No one wants to work at a place where they don’t trust the leaders.
A lack of trust will cost you dearly.Â It will eat away at your organization like a invisible cancer.Â Your people willÂ communicate ideas less freely, especially with you.Â They feel less secure and less committed to the company.Â People in such an environment are far less likely to achieve great things.
And you want to achieve great things, don’t you?
If so, it’s your job to lead by example.Â Create a culture of openness and trust.Â A place where no one is afraid to share their ideas or opinions.Â A place where everyone feels “in the know” because they really are “in the know.”
One thing you can do is invite questions from your people.
I tried this for the first time at our monthly “All Hands” meeting by announcing “Ask Chris Anything!”Â I explained that our values include openness and transparency.Â I believe that Dream-Makers deserve to know what is happening in the company.Â No question is off limits!Â So, go ahead — ask me anything!
The Dream-Makers (aka DMs) just stared at me.Â I could tell some of them had questions but no one wanted to speak out in front of the group.Â The hum of the air conditioner increased to fill the silence.
(There’s a special taboo in Asian culture about challenging the boss, especially in front of others.Â If you want an open and transparent culture you gotta get people past that.)
So I decided to tweak the idea.Â People could ask me anything online, privately and anonymously.Â I created a Form on Google Docs and emailed the link to the DMs.Â “I don’t want to know who asks the questions, I just want the questions!”Â (You can view a copy of the form here — it’s super easy to set up.)
Boy, did I get questions.
Some were tough, some were softballs.Â “When will you get married?” came up three times.
Here are a few:
DM: â€œHi Chris,
I am very excited with your idea â€œâ€Ask Chris Anythingâ€” cause I always have a ton of questions to CEO/MD where Iâ€™ve worked but I never did it before (I was afraid to ask them).
My first question:
– What do you think about Yahoo in Vietnam? I think that itâ€™s going to die soon.
Thanks so much for your willing to answer any question coming :)
Me: Iâ€™m glad you like â€œAsk Chris Anything.â€ Â I enjoy answering your questions.
I agree with you.Â Yahoo is in trouble.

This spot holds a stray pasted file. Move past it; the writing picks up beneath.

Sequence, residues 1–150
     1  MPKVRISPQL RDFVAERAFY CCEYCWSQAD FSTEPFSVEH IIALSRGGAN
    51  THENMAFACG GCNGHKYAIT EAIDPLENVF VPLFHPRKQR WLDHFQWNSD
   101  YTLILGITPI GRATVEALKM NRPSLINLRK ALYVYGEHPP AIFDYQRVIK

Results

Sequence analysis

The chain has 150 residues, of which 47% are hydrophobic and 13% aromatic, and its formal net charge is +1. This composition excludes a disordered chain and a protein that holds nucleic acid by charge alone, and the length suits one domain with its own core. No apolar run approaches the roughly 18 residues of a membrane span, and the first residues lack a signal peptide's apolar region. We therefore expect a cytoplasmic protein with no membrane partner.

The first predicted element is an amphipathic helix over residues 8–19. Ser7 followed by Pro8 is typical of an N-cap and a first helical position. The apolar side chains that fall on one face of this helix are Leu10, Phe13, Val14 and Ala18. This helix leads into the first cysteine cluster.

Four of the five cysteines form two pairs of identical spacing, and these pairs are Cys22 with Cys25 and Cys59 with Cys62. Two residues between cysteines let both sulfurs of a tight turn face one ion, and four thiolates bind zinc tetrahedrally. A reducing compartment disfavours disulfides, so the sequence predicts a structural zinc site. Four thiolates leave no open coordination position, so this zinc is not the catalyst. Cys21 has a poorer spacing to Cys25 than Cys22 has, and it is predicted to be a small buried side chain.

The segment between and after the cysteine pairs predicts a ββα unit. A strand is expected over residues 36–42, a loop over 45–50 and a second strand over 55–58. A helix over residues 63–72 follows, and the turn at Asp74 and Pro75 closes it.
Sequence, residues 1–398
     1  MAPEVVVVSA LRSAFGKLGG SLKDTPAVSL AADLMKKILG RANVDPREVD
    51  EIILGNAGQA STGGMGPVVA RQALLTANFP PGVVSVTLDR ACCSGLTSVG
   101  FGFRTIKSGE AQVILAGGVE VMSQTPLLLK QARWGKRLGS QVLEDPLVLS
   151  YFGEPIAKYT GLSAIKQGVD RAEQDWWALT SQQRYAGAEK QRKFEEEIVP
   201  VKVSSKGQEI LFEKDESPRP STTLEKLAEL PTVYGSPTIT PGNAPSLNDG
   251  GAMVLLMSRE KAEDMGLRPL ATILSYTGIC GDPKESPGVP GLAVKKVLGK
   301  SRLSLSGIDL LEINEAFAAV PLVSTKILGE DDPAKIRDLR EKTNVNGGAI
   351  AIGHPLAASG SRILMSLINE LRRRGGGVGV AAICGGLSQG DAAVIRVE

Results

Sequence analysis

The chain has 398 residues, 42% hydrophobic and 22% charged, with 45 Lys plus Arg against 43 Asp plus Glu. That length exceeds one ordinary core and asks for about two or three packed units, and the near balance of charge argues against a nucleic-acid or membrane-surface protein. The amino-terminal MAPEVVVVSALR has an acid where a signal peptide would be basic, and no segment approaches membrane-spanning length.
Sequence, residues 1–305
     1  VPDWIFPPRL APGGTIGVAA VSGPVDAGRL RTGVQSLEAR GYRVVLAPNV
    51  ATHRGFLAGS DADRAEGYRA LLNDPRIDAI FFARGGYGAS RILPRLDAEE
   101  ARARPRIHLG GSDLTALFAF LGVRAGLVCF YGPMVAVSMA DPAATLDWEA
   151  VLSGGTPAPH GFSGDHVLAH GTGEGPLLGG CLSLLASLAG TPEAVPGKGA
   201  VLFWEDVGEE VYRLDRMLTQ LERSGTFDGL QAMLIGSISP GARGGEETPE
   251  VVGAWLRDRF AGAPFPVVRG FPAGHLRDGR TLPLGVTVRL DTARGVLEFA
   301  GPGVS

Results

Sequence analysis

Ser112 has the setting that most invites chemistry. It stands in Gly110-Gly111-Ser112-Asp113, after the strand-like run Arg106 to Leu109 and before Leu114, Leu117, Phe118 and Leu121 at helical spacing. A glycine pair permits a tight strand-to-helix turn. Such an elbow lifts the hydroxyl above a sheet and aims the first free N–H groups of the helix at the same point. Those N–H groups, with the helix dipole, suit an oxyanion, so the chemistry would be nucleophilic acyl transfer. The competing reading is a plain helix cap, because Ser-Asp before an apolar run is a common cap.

I think Yahooâ€™s problems happened because the business environment changed faster than Yahoo changed.Â Google, Facebook, Twitter, Groupon â€” all came after Yahoo but Yahoo kept doing business in the old way.Â Â Business history is full of examples of companies who where unable to change when the environment changed.
I think Yahoo is on the way out.Â They wonâ€™t die soon, but will die very slowly.
Letâ€™s work together to make sure WE are always changing and improving so we donâ€™t become like Yahoo!
DM: â€œDear Anh Chris,
I would like to ask you 2 questions:
First, Any product alway has the limited life circle. How is about our Job posting service? Do you think when does it die?
Second, When are you going to get a family for yourself? have you ever felt nervous about the problem?
Thank you so much, Anh Chris.â€
Me: Products live as long as they deliver value to the customer. Â They die when they stop delivering value to the customer.
Other, more developed markets like the Australia, the USA and Singapore still have successful companies offering Â Job Postings. Â I think our Job Posting product will live for a very long time because it is so effective at delivering candidates to the customer.
As for your my getting married, troi oi my mother keeps asking me this question too.Â My answer is always “Thá»i gian sáº½ tráº£ lá»i” (time will tell).Â I do want kids, so that probably will happen in the next few years.Â My heart is touched that so many DreamMakers are concerned about my marriage future!
I responded to every last question.Â Then I put them up on an unlisted web page and sent out to the DMs.Â I got a lot of positive feedback.
When your people see that you really mean it when you say “Ask me anything!” and you spend time answering, they appreciate it.
They begin to open up.Â They begin to feel more secure.Â They begin to trust more.
It’s a good thing.Â And it will lead to great things.
[PS – Here’s a great article about how one company implemented radical transparency.]
[PPS – Why not share your experiences with transparency, or lack of transparency, in the comment section below?]